Tackling pollution and climate change in Europe will improve health and well-being, especially for the most vulnerable
Improving the health and well-being of European citizens is more important than ever, with attention currently focused on addressing the COVID-19 pandemic. The pandemic provides a stark example of the complex links between the environment, our social systems, and our health.
A significant proportion of the burden of disease in Europe continues to be attributed to environmental pollution resulting from human activity, according to the EEA report’ The report, which draws extensively on World Health Organization data on the causes of death and disease, highlights how the quality of Europe’s environment plays a key role in determining our health and well-being. It shows how social deprivation, unhealthy behaviours and shifting demographics in Europe influence environmental health, with the most vulnerable hardest hit.
- Air pollution remains Europe’s top environmental threat to health, with more than 400 000 premature deaths driven by air pollution every year in the EU. Noise pollution comes second, contributing to 12 000 premature deaths, followed by the impacts of climate change, notably heatwaves.
- The burden of pollution and climate change varies across Europe, with clear differences between countries in the east and west of Europe. The highest fraction of national deaths (27 %) is attributable to the environment in Bosnia and Herzegovina and the lowest in Iceland and Norway at 9 %.
- Socially deprived communities typically struggle under a triple burden of poverty, poor quality environments and ill health. Poorer communities are often exposed to higher levels of pollution and noise and to high temperatures, while pre-existing health conditions increase vulnerability to environmental health hazards. Targeted measures are needed to improve environmental conditions for the most vulnerable in Europe.
- People are exposed to multiple risks at any time, including air, water and noise pollution, and chemicals, which combine and in some cases act in unison to impact on health. European cities are particularly vulnerable to these multiple threats, while also having less access to green and blue spaces.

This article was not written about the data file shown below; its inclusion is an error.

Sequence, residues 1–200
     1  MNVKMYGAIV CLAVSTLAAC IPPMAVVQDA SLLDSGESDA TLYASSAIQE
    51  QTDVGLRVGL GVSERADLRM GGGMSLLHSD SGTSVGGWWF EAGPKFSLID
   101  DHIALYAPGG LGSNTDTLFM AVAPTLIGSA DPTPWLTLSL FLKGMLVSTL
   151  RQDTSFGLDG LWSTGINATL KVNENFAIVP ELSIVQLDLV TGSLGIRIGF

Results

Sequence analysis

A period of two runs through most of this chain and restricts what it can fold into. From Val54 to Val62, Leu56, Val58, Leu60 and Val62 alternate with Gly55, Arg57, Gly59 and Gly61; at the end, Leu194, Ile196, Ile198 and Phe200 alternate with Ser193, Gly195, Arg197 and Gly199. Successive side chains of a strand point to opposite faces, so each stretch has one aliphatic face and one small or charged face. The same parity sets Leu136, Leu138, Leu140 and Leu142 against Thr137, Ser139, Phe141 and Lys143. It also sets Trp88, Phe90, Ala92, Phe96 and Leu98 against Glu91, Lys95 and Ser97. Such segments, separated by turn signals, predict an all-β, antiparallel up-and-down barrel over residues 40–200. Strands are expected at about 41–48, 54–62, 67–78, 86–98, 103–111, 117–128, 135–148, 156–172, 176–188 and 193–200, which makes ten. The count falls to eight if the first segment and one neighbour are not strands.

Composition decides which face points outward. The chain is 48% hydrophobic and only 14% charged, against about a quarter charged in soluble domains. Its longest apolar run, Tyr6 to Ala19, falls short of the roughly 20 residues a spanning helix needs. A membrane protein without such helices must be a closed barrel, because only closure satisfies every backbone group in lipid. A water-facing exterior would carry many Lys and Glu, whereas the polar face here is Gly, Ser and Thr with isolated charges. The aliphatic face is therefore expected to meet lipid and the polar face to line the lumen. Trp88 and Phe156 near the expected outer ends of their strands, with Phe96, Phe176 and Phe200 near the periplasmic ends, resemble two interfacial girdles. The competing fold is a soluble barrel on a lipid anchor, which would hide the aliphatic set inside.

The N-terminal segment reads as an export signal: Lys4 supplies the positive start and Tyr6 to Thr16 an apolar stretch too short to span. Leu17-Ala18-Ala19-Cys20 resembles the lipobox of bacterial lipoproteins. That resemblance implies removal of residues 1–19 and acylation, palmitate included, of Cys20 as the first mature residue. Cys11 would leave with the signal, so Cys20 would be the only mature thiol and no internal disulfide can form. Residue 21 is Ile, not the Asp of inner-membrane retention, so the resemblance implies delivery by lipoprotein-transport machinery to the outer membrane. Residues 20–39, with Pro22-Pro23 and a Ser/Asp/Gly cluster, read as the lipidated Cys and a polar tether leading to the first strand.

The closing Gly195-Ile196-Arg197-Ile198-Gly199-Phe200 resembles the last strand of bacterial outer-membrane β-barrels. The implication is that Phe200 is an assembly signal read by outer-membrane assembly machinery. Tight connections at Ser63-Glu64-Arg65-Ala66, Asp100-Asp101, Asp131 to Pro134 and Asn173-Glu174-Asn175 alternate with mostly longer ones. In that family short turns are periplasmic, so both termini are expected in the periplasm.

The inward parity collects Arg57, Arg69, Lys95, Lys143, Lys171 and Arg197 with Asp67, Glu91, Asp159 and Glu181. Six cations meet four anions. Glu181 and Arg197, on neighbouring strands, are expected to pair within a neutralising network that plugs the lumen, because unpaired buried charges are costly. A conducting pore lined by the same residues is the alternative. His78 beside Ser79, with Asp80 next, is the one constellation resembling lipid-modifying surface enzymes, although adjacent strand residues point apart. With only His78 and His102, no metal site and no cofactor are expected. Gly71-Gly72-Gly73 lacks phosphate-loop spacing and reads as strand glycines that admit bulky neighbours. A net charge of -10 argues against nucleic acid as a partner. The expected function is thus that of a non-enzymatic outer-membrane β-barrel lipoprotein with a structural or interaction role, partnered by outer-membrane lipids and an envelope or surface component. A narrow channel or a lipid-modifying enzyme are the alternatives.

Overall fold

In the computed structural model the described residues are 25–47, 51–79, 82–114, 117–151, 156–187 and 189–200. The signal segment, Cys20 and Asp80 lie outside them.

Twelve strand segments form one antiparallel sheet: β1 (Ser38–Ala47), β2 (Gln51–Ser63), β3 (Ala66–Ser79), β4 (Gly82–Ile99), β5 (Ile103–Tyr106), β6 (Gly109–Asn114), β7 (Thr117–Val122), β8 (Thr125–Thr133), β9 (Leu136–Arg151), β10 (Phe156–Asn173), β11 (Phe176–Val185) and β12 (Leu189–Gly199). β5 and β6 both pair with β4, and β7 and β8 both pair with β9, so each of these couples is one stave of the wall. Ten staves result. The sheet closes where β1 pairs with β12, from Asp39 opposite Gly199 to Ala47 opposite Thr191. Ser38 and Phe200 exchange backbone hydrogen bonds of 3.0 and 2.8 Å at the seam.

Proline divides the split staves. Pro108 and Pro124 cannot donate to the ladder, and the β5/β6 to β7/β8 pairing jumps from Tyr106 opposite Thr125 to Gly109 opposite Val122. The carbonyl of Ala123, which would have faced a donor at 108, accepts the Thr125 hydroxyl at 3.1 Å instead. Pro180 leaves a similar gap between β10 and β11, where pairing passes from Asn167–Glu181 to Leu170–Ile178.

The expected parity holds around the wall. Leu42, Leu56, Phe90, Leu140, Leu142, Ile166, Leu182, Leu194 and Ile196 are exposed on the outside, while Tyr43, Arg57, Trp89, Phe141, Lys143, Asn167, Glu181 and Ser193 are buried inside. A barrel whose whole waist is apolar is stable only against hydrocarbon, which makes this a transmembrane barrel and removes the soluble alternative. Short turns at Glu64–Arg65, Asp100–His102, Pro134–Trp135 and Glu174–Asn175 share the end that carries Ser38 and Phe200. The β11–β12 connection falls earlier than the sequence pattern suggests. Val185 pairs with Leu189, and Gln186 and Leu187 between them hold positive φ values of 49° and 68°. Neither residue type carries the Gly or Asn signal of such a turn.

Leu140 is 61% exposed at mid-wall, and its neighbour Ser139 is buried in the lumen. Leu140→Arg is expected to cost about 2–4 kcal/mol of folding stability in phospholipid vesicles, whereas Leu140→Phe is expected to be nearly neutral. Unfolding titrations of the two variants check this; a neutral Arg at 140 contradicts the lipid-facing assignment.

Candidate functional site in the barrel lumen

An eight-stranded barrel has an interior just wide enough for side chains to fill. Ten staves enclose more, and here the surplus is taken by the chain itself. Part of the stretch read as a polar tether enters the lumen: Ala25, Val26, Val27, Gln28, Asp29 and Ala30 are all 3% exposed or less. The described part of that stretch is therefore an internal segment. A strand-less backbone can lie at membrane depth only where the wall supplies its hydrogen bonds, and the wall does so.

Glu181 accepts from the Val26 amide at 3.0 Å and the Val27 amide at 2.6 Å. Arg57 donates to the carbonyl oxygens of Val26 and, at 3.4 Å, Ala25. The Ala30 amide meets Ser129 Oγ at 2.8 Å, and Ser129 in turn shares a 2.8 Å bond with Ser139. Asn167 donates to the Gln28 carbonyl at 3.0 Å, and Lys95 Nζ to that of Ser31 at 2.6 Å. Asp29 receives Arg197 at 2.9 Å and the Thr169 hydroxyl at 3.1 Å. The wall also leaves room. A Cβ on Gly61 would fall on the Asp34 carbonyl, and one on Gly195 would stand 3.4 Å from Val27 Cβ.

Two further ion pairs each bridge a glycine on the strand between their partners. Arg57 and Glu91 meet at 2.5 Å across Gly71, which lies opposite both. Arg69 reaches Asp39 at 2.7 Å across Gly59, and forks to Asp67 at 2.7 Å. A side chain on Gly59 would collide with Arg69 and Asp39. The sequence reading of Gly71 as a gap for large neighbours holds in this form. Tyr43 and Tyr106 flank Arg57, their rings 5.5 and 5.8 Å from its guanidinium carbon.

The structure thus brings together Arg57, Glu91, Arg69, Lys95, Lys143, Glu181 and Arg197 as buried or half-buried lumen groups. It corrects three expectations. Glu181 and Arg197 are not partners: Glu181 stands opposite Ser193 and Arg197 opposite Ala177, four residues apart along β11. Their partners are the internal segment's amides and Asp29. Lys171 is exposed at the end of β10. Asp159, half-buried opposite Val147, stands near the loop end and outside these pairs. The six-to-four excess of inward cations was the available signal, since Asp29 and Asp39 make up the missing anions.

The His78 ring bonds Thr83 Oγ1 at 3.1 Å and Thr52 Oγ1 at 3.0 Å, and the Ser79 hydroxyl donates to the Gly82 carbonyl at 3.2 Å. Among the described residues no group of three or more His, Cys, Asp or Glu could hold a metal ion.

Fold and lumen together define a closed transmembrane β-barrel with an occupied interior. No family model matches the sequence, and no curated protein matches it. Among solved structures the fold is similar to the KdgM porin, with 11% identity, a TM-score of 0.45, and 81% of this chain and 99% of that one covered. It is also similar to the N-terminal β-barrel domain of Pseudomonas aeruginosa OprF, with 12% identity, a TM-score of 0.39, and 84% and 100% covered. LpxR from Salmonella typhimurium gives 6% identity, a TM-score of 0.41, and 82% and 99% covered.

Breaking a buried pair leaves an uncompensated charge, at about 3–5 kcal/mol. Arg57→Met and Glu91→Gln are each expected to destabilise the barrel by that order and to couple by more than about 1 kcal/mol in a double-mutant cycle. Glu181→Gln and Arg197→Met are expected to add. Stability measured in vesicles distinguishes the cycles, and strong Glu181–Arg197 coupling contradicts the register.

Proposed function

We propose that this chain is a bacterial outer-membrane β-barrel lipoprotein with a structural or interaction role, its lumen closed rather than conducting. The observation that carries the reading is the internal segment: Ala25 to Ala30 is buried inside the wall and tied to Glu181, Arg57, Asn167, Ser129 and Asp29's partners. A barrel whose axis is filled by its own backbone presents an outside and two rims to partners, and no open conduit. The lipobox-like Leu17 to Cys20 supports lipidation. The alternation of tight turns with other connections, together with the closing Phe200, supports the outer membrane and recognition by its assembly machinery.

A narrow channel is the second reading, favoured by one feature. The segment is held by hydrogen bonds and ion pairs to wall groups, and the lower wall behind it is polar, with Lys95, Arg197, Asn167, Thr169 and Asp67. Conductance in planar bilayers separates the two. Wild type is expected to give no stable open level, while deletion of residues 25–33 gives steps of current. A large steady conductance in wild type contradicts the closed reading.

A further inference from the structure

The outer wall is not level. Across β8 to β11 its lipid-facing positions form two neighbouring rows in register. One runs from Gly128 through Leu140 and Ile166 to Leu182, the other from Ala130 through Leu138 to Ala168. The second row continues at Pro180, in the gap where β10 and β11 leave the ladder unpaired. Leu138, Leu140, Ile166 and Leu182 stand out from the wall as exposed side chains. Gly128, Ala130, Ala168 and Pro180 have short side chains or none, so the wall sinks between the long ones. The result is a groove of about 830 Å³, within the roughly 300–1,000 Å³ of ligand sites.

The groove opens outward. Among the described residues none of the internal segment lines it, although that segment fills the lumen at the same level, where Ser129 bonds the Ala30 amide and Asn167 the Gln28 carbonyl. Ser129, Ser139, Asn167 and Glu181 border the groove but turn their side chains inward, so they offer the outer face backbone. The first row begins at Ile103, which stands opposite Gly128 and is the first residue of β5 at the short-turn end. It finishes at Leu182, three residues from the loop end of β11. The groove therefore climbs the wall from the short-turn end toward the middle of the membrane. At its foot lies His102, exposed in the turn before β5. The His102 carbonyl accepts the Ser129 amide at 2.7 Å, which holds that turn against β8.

- Ongoing research is investigating the links between the current COVID-19 pandemic and environmental dimensions. The virus behind COVID-19 is thought to have “jumped species” from animals to humans, an unforeseen outcome of the pressure that increasing consumption places on our natural systems. Regarding the impact of COVID-19 on communities, early evidence suggests that air pollution and poverty may be linked to higher death rates. Further research is still needed to clarify these interactions, according to an initial assessment in the report.
Better integration of policies, more green, blue spaces key part of solution
The report stresses that an integrated approach to environment and health policies is needed to tackle environmental risks, protect the most vulnerable and fully realise the benefits that nature offers in support of health and well-being.
A healthy nature is a key mechanism in the delivery of public health, reducing disease and fostering good health and well-being. Green solutions offer a triple win for health, society and the environment. Quality green and blue spaces in urban areas support health and well-being, offering venues for physical activity, relaxation and social integration, with major benefits for poor communities. Green and blue spaces cool cities during heatwaves, alleviate flood waters, reduce noise pollution and support urban biodiversity. During the COVID-19 pandemic, many commentators have noted a renewed appreciation of the benefits to mental health and well-being delivered by access to green and blue space, especially in urban areas.